Protested play to open

“The Pope and the Witch,” opening tonight, prompted thousands of polemic e-mails.

Karlee Weinmann

In allowing the show to go on, the University has received continued criticism from the Catholic community, and play organizers are not quite sure what to expect when the curtain goes up.

The University Department of Theatre Arts and Dance will present Dario Fo’s “The Pope and the Witch,” a satire of the Catholic faith featuring a heroin-addicted pope, beginning tonight.

The University administration’s refusal to halt production has coordinators preparing for potential protests throughout the run, which ends March 9.

During each of the seven performances, a uniformed police officer will be on hand in case of disruption. Officials will check bags at random as patrons file in, similar to sporting event security protocol.

Justin Christy, communications manager for theatre arts and dance, said those working with the play haven’t heard of any planned protests, though an area outside will be set aside for any demonstrations.

He said the protesting area near the front steps of Rarig Center will not interfere with ticket-buyers’ entrance to the play.

For last year’s production of “The Laramie Project,” which centered on homophobia, a similar measure was put in place, but no protestors came.

where to go

The Pope and the Witch
What: Tickets are still available for performances of “The Pope and the Witch”
When:
7:30 p.m. today
8 p.m. Friday
8 p.m. Saturday
2 p.m. Sunday
7:30 p.m. March 7
7:30 p.m. March 8 (post show discussion)
8 p.m. March 9
Where: Rarig Center, Stoll Thrust Theatre
Pricing: Tickets are $8-12 when purchased in advance and $10-14 at the door For more information, call the university arts ticket office at (612) 624-2345 or vist theatre.umn.edu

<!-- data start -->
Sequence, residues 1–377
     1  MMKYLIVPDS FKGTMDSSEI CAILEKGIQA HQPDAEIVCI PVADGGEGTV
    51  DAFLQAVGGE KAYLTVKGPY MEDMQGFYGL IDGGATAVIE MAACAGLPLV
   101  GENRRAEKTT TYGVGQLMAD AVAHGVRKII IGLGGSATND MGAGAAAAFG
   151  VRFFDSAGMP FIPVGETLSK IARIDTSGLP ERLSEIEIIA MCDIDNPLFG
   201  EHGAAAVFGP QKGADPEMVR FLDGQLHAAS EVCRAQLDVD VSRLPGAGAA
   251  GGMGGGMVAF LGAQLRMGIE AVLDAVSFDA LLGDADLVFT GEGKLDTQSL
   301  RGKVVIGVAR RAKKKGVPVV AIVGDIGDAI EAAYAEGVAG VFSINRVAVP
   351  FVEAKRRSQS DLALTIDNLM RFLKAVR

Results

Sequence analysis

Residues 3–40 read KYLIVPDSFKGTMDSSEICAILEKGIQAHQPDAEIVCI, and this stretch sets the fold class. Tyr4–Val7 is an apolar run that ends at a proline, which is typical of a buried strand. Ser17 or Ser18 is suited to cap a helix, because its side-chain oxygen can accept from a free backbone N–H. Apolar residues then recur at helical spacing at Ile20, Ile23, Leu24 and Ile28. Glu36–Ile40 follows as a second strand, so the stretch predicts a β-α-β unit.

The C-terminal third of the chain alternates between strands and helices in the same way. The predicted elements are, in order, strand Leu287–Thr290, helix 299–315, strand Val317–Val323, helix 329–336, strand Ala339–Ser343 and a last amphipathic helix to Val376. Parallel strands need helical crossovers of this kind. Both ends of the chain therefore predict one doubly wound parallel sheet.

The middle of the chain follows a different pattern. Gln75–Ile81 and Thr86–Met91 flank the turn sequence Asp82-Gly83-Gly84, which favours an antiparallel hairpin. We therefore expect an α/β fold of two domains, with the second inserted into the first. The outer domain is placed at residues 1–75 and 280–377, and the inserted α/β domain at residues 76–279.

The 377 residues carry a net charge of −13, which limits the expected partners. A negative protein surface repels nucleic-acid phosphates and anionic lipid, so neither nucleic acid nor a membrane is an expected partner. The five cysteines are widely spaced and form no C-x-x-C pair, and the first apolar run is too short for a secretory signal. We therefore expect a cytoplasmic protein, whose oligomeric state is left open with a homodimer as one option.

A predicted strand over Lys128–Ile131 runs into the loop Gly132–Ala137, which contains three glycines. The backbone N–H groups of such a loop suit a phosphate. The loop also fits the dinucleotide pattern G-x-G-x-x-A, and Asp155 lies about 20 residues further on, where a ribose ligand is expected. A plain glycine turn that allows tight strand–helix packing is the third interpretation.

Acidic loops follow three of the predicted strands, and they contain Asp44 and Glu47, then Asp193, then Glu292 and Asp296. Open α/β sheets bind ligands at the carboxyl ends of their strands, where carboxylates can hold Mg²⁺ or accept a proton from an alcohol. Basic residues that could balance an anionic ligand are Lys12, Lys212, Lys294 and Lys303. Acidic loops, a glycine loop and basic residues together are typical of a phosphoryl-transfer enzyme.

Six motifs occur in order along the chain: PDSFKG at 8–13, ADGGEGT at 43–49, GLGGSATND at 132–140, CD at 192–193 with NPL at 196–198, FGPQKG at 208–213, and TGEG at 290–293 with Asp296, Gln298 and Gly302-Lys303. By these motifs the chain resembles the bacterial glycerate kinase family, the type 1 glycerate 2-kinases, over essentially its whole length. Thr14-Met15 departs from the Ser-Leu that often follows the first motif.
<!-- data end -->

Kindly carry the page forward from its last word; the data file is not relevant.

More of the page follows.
For more information about the play, view this article.

“We are being careful to put the right things in place just to protect our students and ensure the safety and enjoyability of the show for our patrons,” Christy said.

Those affiliated with the play and University administration received thousands of e-mails and letters from across the nation, according to Christy. Many of them are similar, part of a mass e-mail petition started by the Christian-based American Society for the Defense of Tradition, Family and Property.

John Ritchie, the organization’s director of student action, said the aim of the anti-play campaign was to encourage the University to stop production altogether.

“It offends everything Catholics hold as sacred and holy, what’s safe and true and all the tenets of our faith,” he said. “For some reason, that’s considered academic freedom at the University of Minnesota.”

Some e-mails apart from this large-scale protest have been more threatening in nature, but don’t warn of a specific attack.

Director Robert Rosen said the language in some of the e-mails mirrored phrases like “you’ll be sorry,” but he hasn’t felt endangered.

“I don’t take anything as a personal threat,” he said. “People are really passionate about the issues and I have to understand the great passion that this all stirs up.”

Although the unexpected is common in orchestrating theatrical productions, the controversy shrouding this production didn’t get in the way of the play’s preparation, Rosen said.

Architecture senior Nic Nett, president of the Catholic College Student Group, said a play poking fun at his faith doesn’t bother him and he plans to see it.

“The most important thing about controversial art is not the art,” he said. “It’s the conversations that art evokes.”

Amid the criticisms from other Catholics, Nett said there is value in being able to recognize satirical representations as humorous and fictitious.

“More often than not, it strengthens people in their faith,” he said.

Supporters of Fo, a Nobel prize winner, said his messages are not malicious, and Catholic practices are not condemned. Instead the institution as a whole is satirized to spark thoughtful contemplation.

Following the March 8 performance, there will be a panel discussion with three experts.

Cultural studies and history professors from the University will be present, alongside a University of Washington professor who is an expert in controversial plays.

Kiera McCaffrey, director of communications for the Catholic League for Religious and Civil Rights, said the lack of a Catholic presence in the panel is further evidence of the University’s deficiency of sympathy to those bothered by the show.

“There’s really absolutely no deference to the offended Catholics,” she said.

Michal Kobialka, department of theatre arts and dance chairman, said if it was appropriate, there would be faith-based representatives.

“The play is not necessarily only about religion,” he said. “Had the play been specifically about spirituality and faith, the composition of the session would be completely different.”